Sackler Colloquia banner

Frontiers in Bioinformatics: Unsolved Problems and Challenges

Organized by Samuel Karlin, David Eisenberg and Russ Altman

October 15-17, 2004
Irvine, CA

Meeting Overview:
The Sackler Colloquium Frontiers of Bioinformatics held October 16 and 17, 2004, provided a forum for discussing concepts and methods emerging in bioinformatics concomitant with recent advances in theory and experiment across the biological and medical sciences. The deluge of genome data in the last two decades has driven the emergence of bioinformatics as an important discipline. The first wave of genome sequence data created a demand for tools for search, comparison, and analysis of nucleic acid protein sequences and macromolecular structures. The second wave of expression data has similarly created a demand for tools that allowed the data to be understood and reduced. Future waves promise to bring innovations in proteomics research, including protein structure, interactions, compartmentalization, and turnover. In addition, experimental biologists are likely to create other new technologies that will further enable high throughput collection of useful biological data. These sources of cellular data will also be correlated with higher levels of phenotypic data, based on observations of the nature of cells, organs and organisms.

Our understanding of basic biology will be facilitated through the comparison of organisms at different evolutionary distances, in order to reconstruct both the tree of life and the emergence of important phenotypic traits. Also, there is a growing expectation that bioinformatics will help fuel the creation of computational models (both qualitative and quantitative) which will allow us to capture, store and maintain biological models that help explain experimental observations.

Algorithms in bioinformatics cover research in all aspects of computational biology. The emphasis is on discrete algorithms that address important problems in molecular biology, genomics, and proteomics, that are computationally efficient, that have been implemented and tested in simulations and on real datasets, and that provide new biological results and insights. Exact and approximate algorithms pertain to genomics, sequence analysis, gene and signal recognition, alignment, molecular evolution, phylogenetics, structure determination or prediction, gene expression and gene networks, proteomics, functional genomics, and drug design. In particular, bioinformatics tools include the BLAST program (homology searching), GENSCAN, GENIE (gene-finding), SAPS (statistical analysis of protein sequences), CLUSTAL, ITERALIGN, (multiple sequence alignment), r-SCAN STATISTICS (target array clustering, overdispersion), etc. These programs, are used by thousands of researchers every day in molecular biology and medicine. The BLAST protocol currently serves more than 100 000 queries per day at the National Center for Biotechnology Information (NCBI) in Washington, DC.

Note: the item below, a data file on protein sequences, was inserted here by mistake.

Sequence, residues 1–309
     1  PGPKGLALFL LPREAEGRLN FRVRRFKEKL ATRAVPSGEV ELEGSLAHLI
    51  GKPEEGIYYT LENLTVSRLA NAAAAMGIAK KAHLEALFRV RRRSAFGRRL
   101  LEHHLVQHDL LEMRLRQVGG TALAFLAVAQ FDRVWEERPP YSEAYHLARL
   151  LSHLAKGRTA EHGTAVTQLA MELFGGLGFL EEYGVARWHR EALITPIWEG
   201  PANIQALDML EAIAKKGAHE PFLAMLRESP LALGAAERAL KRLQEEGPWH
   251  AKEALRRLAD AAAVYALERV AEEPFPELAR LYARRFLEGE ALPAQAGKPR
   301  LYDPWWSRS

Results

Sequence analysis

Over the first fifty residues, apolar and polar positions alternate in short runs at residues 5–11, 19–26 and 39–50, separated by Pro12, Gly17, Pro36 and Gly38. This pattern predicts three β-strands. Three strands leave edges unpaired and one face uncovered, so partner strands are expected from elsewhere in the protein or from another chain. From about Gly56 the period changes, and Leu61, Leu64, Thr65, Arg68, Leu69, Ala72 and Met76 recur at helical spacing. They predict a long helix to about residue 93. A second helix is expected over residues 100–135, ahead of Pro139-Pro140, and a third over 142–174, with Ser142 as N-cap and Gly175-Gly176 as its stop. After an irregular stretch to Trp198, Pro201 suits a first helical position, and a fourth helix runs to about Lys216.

Opening Remarks
Samuel Karlin, Stanford University

Session I: Informatics of the Human Genome
Samuel Karlin, Stanford University, Chair

Biological and Clinical Challenges for Bioinformatics
George Miklos, Human Genetic Signatures

Human Genome Annotation
Mark Gerstein, Yale University

Using Evolution to Explore the Human Genome
David Haussler, University of California at Santa Cruz

Transforming Men into Mice (and into Cats, Dogs, Cows, Rats, Chimpanzees, etc.): Evolutionary Lessons from Mammalian Sequencing and Comparative Mapping Projects
Pavel Pevzner, University of California at San Diego

Session II: Motifs and Genomics
Russ Altman, Stanford University, Chair

Genome Evolution and Protein Networks
Peer Bork, European Molecular Biology Laboratory, Heidelberg

Signal and Noise in Genome Sequences
Phil Green, University of Washington

Session III: Protein-Protein Interactions
Valerie Daggett, University of Washington, Chair

Protein Interactions
David Eisenberg, University of California at Los Angeles

From Cellular Networks to Molecular Interactions and Back
Hanah Margalit, Hebrew University

Prediction of Protein-Protein Interactions: Evolution Rescues Energetics
Shoshana Wodak, Free University of Brussels

After Dinner Speaker
Introduced by David Eisenberg, University of California at Los Angeles

Regarding Irreducible Complexities
Russ Doolittle, University of California at San Diego

Session IV: Regulation with RNA and Aspects of Splicing
David Eisenberg, University of California at Los Angeles, Chair

The Modern RNA World: Computational Screens for Noncoding RNA Genes
Sean Eddy, Washington University of St. Louis

Toward an RNA Splicing Code
Chris Burge, Massachusetts Institute of Technology

RNA Splicing as an Evolutionary Strategy
Chris Lee, University of California at Los Angeles

Session V: Protein Structure
Valerie Daggett, University of Washington, Chair

Probing the PDB
Helen Berman, Rutgers University

Structural Alignment and Classification of all Known Protein Structure
Michael Levitt, Stanford University

Session VI: Transcriiption and Translation of Eukaryotic Genomes
George Mikolos, Human Genetic Signatures, Chair

Comparative Plant Genomics: Evaluation of the Model Genome Concept
Volker Brendel, Iowa State

Lessons from the Arabidopsis Genome: Decoding Evidence for Novel Transcription
Terry Gaasterland, Rockefeller University

Building Genotype Phenotype Data Resources
Russ Altman, Stanford University

Protein Expression Analysis Based on Codon Usage and 2D Gels with Emphasis on Archaeal and Eukaryotics Genomes
Samuel Karlin, Stanford University

Powered by Convio
nonprofit software